ton172 372 Sch.EugeneT. Magoun'sH. EwellParker, Cook, and othersProvincetown100 373 BrigPaulinaT. Magoun'sH. EwellE. Flinn and othersChatham190 374 BrigLaurettaT. Magoun'sH. EwellR. A. Cook and others 150 375 ShipSupplyT. Magoun'sH. EwellW. W. GoddardBoston547 376 ShipSaxonvilleSprague & James'sJohn TaylorNathaniel FrancisBoston430 377 ShipOrissaSprague & James'sJohn TaylorAtkinson & RollinsBoston530 3781847ShipKate HoweSprague & James'sJohn TaylorBramhall & HoweBoston608 379 BarkJosiah QuincySprague & James'sJ. T. FosterBramhall & HoweBoston480 380 ShipGertrudeSprague & James'sJ. T. FosterHussey & MurrayNew York800 381 BarkNashuaSprague & James'sJ. T. FosterJ. H. PearsonBoston200 382 BarkHannah ThorntonJ. O. Curtis'sJ. O. CurtisJ. A. McGawBoston385 383 BarkKeplerJ. O. Curtis'sJ. O. CurtisParsons & HoughBoston425 384 BarkSherwoodJ. O. Curtis'sJ. O. CurtisWilliam LincolnBoston438 385 Sch.Joshua HamblenJ. O. Curtis'sJ. O. CurtisThomas HopkinsChatham70 386 ShipHele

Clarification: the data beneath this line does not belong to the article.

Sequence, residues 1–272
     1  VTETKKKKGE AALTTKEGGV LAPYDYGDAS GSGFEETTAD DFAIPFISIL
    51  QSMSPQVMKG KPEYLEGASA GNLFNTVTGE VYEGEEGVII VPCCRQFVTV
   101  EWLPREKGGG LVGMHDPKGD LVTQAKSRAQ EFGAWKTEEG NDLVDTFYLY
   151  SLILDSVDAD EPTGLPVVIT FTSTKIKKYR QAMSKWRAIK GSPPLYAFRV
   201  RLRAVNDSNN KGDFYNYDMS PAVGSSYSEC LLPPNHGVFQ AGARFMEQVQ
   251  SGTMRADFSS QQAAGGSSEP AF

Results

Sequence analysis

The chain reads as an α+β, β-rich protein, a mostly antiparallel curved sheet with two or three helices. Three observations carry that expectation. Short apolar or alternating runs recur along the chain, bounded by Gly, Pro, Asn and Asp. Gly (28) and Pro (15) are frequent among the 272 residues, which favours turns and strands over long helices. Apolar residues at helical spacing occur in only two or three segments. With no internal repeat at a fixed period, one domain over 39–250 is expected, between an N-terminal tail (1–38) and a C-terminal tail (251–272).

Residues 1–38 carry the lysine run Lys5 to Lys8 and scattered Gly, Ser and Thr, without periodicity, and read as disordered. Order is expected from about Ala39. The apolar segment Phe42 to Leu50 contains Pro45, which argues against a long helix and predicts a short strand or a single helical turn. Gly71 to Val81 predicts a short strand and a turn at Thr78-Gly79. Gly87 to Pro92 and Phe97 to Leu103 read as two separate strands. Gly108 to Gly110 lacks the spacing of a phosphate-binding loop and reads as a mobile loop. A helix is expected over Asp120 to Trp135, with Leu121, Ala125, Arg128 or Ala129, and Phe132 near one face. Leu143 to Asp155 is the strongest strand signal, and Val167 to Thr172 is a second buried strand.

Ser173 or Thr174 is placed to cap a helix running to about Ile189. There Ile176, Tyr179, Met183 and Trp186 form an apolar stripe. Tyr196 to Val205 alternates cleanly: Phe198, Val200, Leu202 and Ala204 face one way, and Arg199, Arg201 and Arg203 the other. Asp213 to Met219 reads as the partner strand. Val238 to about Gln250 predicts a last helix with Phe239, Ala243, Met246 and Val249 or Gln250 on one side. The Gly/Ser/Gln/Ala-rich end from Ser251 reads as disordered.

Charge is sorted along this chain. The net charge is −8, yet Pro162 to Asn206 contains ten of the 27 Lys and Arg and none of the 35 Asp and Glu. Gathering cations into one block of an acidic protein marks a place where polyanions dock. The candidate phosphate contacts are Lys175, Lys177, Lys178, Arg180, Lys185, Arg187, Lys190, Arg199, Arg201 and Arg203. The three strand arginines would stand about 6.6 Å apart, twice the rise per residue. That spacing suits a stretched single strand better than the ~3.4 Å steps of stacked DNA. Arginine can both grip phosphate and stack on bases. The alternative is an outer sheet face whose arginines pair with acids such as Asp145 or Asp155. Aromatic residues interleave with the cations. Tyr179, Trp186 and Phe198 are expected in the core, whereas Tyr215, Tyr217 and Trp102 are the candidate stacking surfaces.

d. c. 1795. 39-76John Tufts m.--------, and had--  76-131John.  132Peter. d. unm. 39-77HUTCHINSON Tufts, who d. Aug. 2, 1800, m. Mary Grover, and had--  77-133Hutchinson, b, Dec. 16, 1769.  134Mary, m. Jonathan Locke. 39-78Francis Tufts m., successively, two sisters named Lunt, and had--  78-135Francis, moved to Maine.  136John.  137Benjamin, moved to Ohio.  138William.  139Mary, m. Mr. Hopkinson. 55-91COTTON Tufts, of Weymouth, m. Mercy Brooks, Mar. 6, 1788, and had--  91-140Quincy, is a merchant in Boston.  141Lucy, m. Thomas Tarbell.  142Susan.  143Mercy. 65-104Daniel Tufts m. Abigail Tufts, and had--  104-144Daniel, b. Dec. 31, 1776.  145Gilbert, b. Apr. 27, 1778.  146Charles, b. 1781.  147Nathan, b. Mar., 1786. 65-105AMOS Tufts m. Deborah Frothingham, and had--  105-148Amos, d., aged 14.  149Deborah, b. 1789; m. Mr. Frothingham.  150Joseph F., b. 1790; d. 1854.  151Mary, b. 1793; m. James P. McIntyre.  152Abigail, d., aged 12.  153Nat